We in the Valley may have an above-average awareness of food co-ops. Take a Sunday drive around Western Mass, and you’ll find co-ops dotting the landscape, serving local communities and offering an alternative to the big box grocery chains that might not find it profitable to serve some smaller towns at all. But even the savviest of co-op members might be surprised by Steve Alves new documentary about the phenomenon.
Food for Change (playing Thursday Oct. 27 at Northampton’s Academy of Music, with a pre-show concert and post-screening chat with the director) is Alves’ 82-minute film, which focuses on the co-op as a force for change in American cultural history. Sparked when Alves was asked to produce a film for the Franklin County Community Co-op in Greenfield, the film became a passion for Alves. As he explored the deeper roots of the co-op movement, he uncovered historical films about the rise of cooperatives during the Great Depression — a rise that was undercut by the postwar focus on consumerism. To many, co-ops seemed to carry a whiff of Communism.
But as our culture evolved, and the natural food movement grew, the co-op made a comeback. The ’60s, as one might expect, were a period of growth for co-ops. But at the same time, national grocery chains began to merge, driving smaller, local stores out of business. Big agri-businesses were gobbling up small farms as quickly as possible, converting them to pesticide-heavy large-scale production. Co-ops again faltered, with those that survived focusing on the new organic food movement and a renewed commitment to truly co-operative values.
The final third of the film focuses on the co-op of today, exploring the latest surge in growth that has occurred over the last decade or so. Huge farms and national chains have not gone anywhere, of course, and while the co-ops have certainly adjusted their strategies over the years, the deeper truth, I suspect, is that we — the consumers — are the ones who have changed the most.
Also this week: Somehow, Halloween has crept in this year without being overshadowed by too-early Christmas decorating, so it’s a good weekend for connoisseurs of spook to get out and catch some of the area’s creepier film offerings. On Thursday Oct. 27, Amherst Cinema is offering up a John-John double feature, with the 1981 John Landis film An American Werewolf in London at 7 p.m., followed by John Carpenter’s oddball 1988 classic They Live at 9 p.m.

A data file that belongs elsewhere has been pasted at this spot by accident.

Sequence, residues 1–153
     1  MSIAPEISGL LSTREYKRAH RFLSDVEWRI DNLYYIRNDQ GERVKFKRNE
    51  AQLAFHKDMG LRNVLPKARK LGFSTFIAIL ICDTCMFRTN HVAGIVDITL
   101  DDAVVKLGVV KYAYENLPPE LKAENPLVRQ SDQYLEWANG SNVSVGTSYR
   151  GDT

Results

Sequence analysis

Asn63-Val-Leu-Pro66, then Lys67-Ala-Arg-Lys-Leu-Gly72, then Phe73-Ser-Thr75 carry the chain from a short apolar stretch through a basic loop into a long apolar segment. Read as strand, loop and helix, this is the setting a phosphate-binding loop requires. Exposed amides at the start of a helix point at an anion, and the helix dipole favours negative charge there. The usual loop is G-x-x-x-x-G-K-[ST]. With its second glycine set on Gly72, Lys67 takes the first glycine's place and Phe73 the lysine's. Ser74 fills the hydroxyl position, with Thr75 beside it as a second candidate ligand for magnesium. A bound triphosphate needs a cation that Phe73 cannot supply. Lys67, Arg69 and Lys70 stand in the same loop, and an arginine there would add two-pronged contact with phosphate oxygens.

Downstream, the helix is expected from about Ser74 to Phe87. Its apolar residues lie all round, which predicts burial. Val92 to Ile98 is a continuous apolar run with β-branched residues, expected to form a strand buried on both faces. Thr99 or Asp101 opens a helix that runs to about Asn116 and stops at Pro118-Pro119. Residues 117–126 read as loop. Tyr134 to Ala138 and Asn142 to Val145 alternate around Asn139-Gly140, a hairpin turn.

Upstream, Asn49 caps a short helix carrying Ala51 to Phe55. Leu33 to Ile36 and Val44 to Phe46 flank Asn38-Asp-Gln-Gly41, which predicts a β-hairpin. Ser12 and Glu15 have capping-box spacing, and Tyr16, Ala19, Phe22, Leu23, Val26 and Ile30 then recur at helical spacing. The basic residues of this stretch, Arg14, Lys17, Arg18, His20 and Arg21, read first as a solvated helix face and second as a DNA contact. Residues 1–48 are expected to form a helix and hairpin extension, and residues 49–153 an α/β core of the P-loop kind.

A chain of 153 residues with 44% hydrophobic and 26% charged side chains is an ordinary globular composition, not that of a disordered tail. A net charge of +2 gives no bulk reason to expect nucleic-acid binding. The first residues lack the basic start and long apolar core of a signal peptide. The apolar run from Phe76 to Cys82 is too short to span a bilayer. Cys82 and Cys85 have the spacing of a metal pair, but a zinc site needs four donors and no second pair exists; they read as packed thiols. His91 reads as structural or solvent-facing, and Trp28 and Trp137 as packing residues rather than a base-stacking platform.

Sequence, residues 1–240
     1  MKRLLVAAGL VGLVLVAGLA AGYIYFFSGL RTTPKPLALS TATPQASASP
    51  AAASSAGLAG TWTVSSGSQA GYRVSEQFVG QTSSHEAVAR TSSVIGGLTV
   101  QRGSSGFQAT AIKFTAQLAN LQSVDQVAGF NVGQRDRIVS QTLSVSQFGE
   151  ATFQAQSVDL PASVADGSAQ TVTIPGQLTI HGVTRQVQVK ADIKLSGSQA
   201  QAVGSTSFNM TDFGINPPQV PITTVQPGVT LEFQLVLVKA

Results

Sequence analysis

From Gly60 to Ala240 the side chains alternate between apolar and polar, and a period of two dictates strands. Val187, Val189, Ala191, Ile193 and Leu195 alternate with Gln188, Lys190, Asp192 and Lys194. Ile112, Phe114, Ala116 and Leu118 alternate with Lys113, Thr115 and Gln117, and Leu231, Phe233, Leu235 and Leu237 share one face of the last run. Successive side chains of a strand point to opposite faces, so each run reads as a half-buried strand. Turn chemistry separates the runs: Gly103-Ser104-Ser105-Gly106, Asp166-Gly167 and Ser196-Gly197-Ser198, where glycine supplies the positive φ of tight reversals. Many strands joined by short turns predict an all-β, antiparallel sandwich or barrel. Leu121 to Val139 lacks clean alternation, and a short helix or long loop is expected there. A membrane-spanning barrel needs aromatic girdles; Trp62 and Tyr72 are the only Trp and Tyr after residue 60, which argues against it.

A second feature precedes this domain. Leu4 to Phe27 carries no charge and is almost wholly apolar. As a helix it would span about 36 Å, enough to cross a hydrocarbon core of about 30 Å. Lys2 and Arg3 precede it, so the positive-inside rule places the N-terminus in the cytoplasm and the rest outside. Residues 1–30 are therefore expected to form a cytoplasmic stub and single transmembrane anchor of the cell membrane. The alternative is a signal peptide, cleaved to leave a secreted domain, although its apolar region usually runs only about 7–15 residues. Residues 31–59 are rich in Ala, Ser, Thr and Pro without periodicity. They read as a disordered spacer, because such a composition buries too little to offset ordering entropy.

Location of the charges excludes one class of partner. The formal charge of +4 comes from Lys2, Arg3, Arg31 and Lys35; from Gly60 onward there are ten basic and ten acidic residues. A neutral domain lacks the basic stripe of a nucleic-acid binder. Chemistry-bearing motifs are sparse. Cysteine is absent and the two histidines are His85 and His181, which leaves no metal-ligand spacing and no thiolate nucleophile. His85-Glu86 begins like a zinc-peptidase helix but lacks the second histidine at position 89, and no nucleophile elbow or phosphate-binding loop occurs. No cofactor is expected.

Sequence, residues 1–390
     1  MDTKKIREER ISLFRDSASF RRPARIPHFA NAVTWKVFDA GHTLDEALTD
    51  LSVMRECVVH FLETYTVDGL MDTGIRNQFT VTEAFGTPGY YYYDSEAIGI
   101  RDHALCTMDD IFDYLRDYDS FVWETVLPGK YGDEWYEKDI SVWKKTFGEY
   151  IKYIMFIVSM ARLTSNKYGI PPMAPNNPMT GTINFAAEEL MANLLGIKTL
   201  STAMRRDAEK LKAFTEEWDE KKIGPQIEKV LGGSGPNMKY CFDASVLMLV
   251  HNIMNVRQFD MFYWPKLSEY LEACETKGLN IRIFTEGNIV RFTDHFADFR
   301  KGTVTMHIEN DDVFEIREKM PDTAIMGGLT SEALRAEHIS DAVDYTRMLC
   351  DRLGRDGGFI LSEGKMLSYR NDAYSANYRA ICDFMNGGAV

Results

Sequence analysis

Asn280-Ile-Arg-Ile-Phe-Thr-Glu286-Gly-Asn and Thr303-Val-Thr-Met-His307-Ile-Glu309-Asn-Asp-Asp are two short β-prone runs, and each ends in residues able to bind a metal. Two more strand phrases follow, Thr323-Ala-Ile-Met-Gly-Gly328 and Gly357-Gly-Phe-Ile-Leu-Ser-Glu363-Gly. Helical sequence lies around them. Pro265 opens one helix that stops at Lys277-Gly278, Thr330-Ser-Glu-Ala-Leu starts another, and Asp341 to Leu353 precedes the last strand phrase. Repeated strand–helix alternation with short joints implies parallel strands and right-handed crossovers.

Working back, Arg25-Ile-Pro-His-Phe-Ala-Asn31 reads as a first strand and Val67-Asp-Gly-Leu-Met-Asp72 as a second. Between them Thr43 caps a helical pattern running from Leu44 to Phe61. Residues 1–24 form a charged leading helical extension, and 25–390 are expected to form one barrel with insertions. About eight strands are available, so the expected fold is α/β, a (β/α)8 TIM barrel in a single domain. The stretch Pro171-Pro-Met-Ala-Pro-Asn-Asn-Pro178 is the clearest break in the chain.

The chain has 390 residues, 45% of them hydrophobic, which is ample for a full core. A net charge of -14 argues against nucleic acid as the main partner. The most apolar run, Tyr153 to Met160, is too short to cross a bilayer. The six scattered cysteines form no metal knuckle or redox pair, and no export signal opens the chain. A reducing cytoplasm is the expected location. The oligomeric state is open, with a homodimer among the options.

One ticket gets you into both films, but if you’re only going to see one, make it They Live, which tells the tale of a down-on-his-luck laborer (Roddy Piper) who stumbles across the world’s biggest secret: that aliens are in fact hiding in plain sight, and controlling most of our world. (One of the low-rent details that make They Live so much fun is how he discovers this: a pair of special sunglasses lets him see through the aliens’ humanoid disguises.) Keith David (later the voice of Ken Burns’ Jazz) is his partner in saving the world.
The theater follows that up on Sunday with a 2 p.m. screening of Don Siegel’s Invasion of the Body Snatchers from 1956, another classic in the “aliens are secretly taking over the human race” genre. Film historian Nina Kleinberg will be on hand to talk about the film’s undertones of cold war paranoia and how the studio intervened to try to change the film’s message.
Finally this week, Pothole Pictures in Shelburne Falls is back with its fall lineup of films, and this weekend brings Night of the Living Dead, director George Romero’s zombie landmark from 1968. Despite a meager budget, Romero pulled off a tale of horror that has come to influence just about every horror film made in the last four decades. The movie starts at 7:30 p.m. on Friday and Saturday, with live music at 7 p.m. featuring bands in Halloween costumes.
Contact Jack Brown at firstname.lastname@example.org.